To be an up and coming soprano with a contract to sing Donna Anna–in Milan, at La Scala, no less!–is already to be extraordinary. Octavia Voss is even more singular than that. Born in Italy centuries before the present day, she left home as a teen to pursue the dream of becoming a singer. Talent and determination get her into an opera company, but there she learns that her voice is perhaps less special than she imagined; her career prospects may be limited.
Then a depraved-seeming Countess lures Octavia and the company’s composer into a tryst. After the encounter, Octavia has been utterly transformed. She craves blood, for one thing. For another, she, the Countess and the composer all share each others’ memories… a powerful thing, considering that the composer is Wolfgang Amadeus Mozart!
Lifetimes later, Octavia still lives to sing. Her vampiric lifestyle, and her intimate exposure to Mozart’s genius, have given her endless years to perfect her craft and enjoy a bit of the limelight. But to maintain her secret, she must also endure painful periods of forced retirement. At present, happily, she is out of hiding and building a new career. Her partner in life is Ugo, a creature even more ancient than she, who acts as her personal assistant and ensures she has safe access to the blood she needs to survive. The two are very close, and when Ugo disappears just as Olivia reaches Italy to sing in Don Giovanni, she very nearly falls apart. She has become dependent upon him, perhaps to a dangerous degree, and as rehearsals go on and the usual backstage power struggles play out, the thirst–with which she’s made a terrible sort of peace–is on the rise.
Soon she will have to go out and hunt, for the first time in a long time, risking exposure. And with Ugo missing, it’s a safe bet that somebody’s after her, too.
As some of you may have read in my interview with Louise Marley earlier this summer, Mozart’s Blood is her twelfth novel. Marley’s background as a professional singer lends a satisfying richness to the behind-the-scenes action; the reader is immersed in the clique-y subculture of a professional opera company going about its work. She also offers an interesting twist on vampirism–Olivia and Mozart’s telepathic bonding when they ‘share the tooth’ is the rule, not the exception.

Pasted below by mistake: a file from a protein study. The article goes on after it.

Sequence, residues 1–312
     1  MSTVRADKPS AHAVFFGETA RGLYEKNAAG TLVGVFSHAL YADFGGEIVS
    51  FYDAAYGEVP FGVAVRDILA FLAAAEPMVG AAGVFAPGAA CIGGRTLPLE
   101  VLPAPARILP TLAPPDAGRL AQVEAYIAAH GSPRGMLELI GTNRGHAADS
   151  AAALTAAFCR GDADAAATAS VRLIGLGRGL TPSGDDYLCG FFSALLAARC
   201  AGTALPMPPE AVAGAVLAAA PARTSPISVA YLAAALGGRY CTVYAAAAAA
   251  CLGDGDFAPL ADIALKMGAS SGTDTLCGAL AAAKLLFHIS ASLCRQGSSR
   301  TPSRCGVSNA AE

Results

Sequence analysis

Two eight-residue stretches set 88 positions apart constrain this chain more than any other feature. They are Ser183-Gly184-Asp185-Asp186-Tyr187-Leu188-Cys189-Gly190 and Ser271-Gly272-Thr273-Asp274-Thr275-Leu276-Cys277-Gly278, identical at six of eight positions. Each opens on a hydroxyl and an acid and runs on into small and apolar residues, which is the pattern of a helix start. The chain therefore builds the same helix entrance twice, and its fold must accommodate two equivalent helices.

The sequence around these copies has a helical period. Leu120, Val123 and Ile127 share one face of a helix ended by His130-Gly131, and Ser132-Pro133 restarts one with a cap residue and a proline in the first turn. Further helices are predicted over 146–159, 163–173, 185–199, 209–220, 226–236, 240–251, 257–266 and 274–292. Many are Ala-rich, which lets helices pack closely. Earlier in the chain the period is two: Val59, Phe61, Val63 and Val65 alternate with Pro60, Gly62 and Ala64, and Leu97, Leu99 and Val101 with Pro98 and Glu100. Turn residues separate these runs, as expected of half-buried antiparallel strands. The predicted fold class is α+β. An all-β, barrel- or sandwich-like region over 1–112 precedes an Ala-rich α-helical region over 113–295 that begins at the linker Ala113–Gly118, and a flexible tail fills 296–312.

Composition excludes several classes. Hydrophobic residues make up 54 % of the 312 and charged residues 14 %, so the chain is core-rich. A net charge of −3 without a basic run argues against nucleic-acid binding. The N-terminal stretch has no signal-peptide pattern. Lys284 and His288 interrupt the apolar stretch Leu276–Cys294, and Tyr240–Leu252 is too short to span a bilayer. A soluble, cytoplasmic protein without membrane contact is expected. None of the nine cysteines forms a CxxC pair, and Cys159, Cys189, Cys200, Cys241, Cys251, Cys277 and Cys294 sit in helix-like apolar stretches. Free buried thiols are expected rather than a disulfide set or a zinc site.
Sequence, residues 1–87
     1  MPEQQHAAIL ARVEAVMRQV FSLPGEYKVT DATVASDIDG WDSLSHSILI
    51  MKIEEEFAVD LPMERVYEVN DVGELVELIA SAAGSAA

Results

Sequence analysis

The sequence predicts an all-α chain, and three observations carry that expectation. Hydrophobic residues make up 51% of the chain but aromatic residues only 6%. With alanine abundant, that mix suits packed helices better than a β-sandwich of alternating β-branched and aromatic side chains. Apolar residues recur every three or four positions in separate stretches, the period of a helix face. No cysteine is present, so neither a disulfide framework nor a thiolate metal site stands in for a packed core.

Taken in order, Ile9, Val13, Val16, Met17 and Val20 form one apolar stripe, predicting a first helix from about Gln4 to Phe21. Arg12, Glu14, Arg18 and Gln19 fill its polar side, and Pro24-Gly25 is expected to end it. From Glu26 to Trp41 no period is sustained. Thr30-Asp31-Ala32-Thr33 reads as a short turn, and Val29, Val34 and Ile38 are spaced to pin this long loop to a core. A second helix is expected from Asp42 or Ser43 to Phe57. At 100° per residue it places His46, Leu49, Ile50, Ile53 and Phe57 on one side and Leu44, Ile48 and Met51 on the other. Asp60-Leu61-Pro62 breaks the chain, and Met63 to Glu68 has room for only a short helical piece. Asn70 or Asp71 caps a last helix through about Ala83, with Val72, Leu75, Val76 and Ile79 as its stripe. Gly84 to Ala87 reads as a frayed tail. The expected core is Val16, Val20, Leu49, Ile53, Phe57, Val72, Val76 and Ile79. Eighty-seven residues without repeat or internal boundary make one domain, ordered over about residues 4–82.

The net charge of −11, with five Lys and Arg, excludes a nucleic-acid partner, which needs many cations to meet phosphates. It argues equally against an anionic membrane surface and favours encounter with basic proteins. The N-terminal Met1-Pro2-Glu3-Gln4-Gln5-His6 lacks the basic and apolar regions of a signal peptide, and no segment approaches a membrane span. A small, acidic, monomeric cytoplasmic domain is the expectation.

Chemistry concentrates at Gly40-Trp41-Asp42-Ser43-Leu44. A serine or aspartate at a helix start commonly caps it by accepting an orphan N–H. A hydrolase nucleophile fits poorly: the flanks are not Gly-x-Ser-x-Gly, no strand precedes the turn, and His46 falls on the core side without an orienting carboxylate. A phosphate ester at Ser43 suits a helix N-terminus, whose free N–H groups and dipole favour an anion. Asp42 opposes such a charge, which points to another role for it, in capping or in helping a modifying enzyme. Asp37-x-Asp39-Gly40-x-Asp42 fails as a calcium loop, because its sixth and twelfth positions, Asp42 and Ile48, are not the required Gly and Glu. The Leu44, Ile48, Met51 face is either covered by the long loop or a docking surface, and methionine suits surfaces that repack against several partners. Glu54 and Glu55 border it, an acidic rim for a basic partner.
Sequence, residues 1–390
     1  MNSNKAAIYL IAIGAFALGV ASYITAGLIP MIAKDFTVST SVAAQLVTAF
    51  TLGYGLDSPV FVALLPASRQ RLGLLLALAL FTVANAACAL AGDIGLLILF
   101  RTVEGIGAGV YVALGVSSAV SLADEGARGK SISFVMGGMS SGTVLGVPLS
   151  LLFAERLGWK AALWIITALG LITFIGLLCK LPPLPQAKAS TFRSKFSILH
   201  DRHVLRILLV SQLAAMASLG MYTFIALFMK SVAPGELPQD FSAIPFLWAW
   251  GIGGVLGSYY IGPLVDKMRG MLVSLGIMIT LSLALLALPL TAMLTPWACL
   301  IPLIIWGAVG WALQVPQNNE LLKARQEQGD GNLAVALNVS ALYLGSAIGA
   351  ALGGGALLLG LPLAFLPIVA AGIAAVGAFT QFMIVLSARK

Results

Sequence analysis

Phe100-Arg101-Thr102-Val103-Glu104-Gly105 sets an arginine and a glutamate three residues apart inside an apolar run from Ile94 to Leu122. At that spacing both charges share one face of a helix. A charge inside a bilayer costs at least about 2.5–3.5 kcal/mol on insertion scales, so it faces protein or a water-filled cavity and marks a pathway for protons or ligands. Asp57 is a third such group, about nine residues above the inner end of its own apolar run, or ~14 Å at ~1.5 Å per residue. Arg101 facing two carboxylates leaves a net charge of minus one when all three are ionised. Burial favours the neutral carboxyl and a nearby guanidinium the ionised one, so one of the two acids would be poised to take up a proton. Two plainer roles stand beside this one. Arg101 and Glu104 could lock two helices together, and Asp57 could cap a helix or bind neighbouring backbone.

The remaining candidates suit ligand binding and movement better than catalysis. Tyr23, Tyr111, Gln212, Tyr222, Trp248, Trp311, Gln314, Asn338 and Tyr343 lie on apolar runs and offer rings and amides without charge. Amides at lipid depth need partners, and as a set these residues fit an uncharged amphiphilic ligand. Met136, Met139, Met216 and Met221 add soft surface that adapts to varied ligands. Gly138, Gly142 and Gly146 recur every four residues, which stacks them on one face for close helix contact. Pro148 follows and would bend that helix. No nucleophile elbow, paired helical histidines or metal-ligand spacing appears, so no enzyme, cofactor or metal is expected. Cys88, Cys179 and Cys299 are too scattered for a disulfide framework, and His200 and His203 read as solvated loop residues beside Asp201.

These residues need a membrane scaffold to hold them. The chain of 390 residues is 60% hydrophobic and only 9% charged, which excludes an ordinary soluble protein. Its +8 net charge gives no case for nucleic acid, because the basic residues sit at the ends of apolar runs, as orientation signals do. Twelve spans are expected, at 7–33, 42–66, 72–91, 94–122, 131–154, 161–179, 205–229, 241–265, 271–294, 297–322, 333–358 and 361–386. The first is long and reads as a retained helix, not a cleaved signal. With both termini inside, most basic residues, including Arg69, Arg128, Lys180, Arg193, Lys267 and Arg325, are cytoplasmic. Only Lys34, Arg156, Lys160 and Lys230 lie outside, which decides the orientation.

Vampires absorb the memories of all their victims, often to the detriment of their mental health. It is Olivia’s ability to compartmentalize these memories, focusing only on Mozart’s genius, that allows her to survive… at least until Ugo comes onto the scene with a better solution. Survivors of vampire attacks are always turned, and the rule–a sort of rebirth control, enforced by the Countess with ruthless absolutism–is that if Octavia feeds from someone, she must always kill them.
A cold-blooded creature she may be, but Olivia is a fundamentally caring woman, and it is this quality of hers that gives the book its warmth: her affection for Ugo, her sexual interest in one of the other singers, and above all her passion for opera offset the cruel realities of her condition. Mozart’s Blood tells us her life’s story, and Ugo’s (which is every bit as intriguing) in flashback, and both histories are impeccably researched.
I always enjoy Marley’s books, and this novel was no exception. Somehow, though, I found myself wanting an ephemeral ‘something more’ from it; as I read, I had a sense that I’d been more fully drawn into her previous novels. As I wrestled with the question of whether this was just nostalgia for past delights, my first thought was that perhaps those books felt more relevant, politically and socially. But Mozart’s Blood has plenty of political heft: Ugo in particular is born poor in a era where the financially vulnerable have no options at all, and Marley never sugar-coats such topics.
I also wasn’t entirely happy with how the person behind Ugo’s disappearance fit into the story–it had the feel, at times, of a puzzle piece jammed into the wrong spot. But that person’s eventual fate was delicious to behold. I was finally left to conclude that I’d loved Ugo, liked Octavia pretty well, but that they’d both paled a bit, for me, next to the protagonists of other Marley novels: Zahra of The Terrorist of Irustan, and the incredible Magdalene priest, Mother Isabel Burke, from The Child Goddess. And all that means is I may prefer Marley’s SF to her fantasy.
Science fiction Mozart’s Blood may not be, but it is an entertaining vampire novel–original, intriguing, with good historical content, and one that offers a believable vision of how chasing an artistic dream would be even more complicated for an immortal.